Obituary: Jean Mercure and Jandeline

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IN THE flimsy world of show business, human relationships are often as insubstantial as the sets of transformation scenes. Yet - despite extramarital infatuations, usually tolerated - there have been some enduring marriages, on-stage and off. To well-known theatrical couples like Alfred Lunt and Lynn Fontanne, Madeleine Renault and Jean-Louis Barrault we can add Jean Mercure and Aline Jeannerot ("Jandeline") as an admirable example of fidelity, with a love that lasted over 60 years in a notoriously fickle emotional environment.

Jean Mercure was educated at the Lycee Rollin in Paris, and started working as a journalist, but was soon drawn to the theatre, where he began his acting career in 1934 under Gaston Baty and other innovative directors. His first notable appearance was in Baty's revival of The Threepenny Opera in 1937. His wife Jandeline was a rare talent, both as an actress and as a diseuse whose range of poetry extended from Villon to Prevert. She was often to appear with Jean in plays, many of which he directed himself.

Mercure began making a name for himself as a playwright, chiefly with fine adaptations from novels and filmscripts, and one of his first successes in this line was Boudu sauve des eaux ("The Tramp Boudu Rescued from the Water") derived from Jean Renoir's 1932 film starring Michel Simon. It was performed in 1939 under the menace of the Second World War, and had to wait until 1985 to be rediscovered, unfortunately in a Hollywood treatment starring Bette Midler and Little Richard, under the title Down and Out in Beverly Hills.

After war broke out, Mercure founded, with Louis Ducreux and Andre Roussin, the Comedie de Lyon, where he appeared in Beaumarchais' Le Barbier de Seville, in Moliere's Les Fouberies de Scapin, and in his own adaptation of Prosper Merimee's tale Le Carrosse du Saint-Sacrement (1941) ,which became another Jean Renoir subject in 1952, as Le Carrosse d'Or, starring Anna Magnani and Duncan Lamont.

Jean Mercure was one of the first volunteers to join Les Forces Francaises Libres in London, and he took part in the liberation of Paris alongside de Gaulle. He resumed his acting career with a 1945 adaptation of Charles Morgan's novel The Flashing Stream (1945), which also marked Jandeline's first triumph under his direction. In 1949 he produced his dramatisation of the famous Resistance work Le Silence de la Mer by Vercors (Jean Brunner). Other works in which Jandeline enjoyed success were Maurice Druon's Megaree and Julien Green's Sud (1953).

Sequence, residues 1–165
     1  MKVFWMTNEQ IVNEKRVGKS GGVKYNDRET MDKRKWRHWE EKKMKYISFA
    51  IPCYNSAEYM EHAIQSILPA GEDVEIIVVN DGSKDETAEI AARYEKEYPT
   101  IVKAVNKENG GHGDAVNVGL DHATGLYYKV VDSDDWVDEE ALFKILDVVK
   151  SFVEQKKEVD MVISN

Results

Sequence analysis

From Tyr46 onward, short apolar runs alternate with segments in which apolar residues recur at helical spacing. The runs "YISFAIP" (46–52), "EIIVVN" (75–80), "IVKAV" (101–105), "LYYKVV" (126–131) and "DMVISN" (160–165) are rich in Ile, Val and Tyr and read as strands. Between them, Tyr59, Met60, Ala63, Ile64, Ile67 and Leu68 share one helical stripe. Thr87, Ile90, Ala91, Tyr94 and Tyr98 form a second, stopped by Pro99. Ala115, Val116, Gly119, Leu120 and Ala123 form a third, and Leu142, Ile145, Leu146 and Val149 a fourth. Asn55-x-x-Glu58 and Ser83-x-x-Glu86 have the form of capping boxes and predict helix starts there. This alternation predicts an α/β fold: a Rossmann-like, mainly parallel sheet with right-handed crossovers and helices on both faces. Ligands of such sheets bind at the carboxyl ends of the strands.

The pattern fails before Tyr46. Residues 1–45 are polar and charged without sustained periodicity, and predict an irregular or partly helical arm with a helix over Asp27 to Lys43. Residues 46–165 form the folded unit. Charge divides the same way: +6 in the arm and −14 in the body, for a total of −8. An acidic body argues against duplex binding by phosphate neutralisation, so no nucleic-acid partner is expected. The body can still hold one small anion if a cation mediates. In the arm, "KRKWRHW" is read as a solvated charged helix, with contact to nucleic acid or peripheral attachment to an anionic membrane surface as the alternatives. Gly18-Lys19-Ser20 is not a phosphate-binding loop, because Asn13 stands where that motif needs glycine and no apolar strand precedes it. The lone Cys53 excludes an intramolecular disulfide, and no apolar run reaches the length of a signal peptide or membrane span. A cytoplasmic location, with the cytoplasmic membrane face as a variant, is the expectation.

In 1953 Mercure was the first recipient of the Prix Dominique for another production starring Jandeline, Pirandello's Il piacere dell' onesta translated as La Volupte de l'honneur. Mercure in his turn was lauded by the critics for his performance in the leading role in Ouragon sur le Caine ("The Caine Mutiny") in 1957.

He received his first commission from the Comedie Francaise to stage Montherlant's Le Cardinal d'Espagne (1960). Other productions that demonstrate his wide range and theatrical virtuosity were Graham Greene's The Living Room (1954), Robert Anderson's Tea and Sympathy (1956) and his adaptation of Saint-Exupery's classic Vol de Nuit ("Night Flight") in 1960. He and Jandeline often took their productions on tour all over the world, and in 1966 I saw them in Mercure's staging of Moliere's Don Juan in Tokyo.

They rarely appeared on the small screen, but Mercure made some minor appearances in films, the first of which was La Rue sans Joie ("The Joyless Street"), Andre Hugon's 1937 remake of Pabet's masterpiece starring Garbo, Die freudlose Gasse. In 1952 he was in a British Disney picture, The Sword and the Rose, and in 1954 he appeared with Gerard Philipe and Danielle Darrieux in Claude Autant-Lara's Le Rouge et le Noir. In 1960, along with almost every other star in the business, he made a fleeting appearance in Abel Gance's bewildering Austerlitz.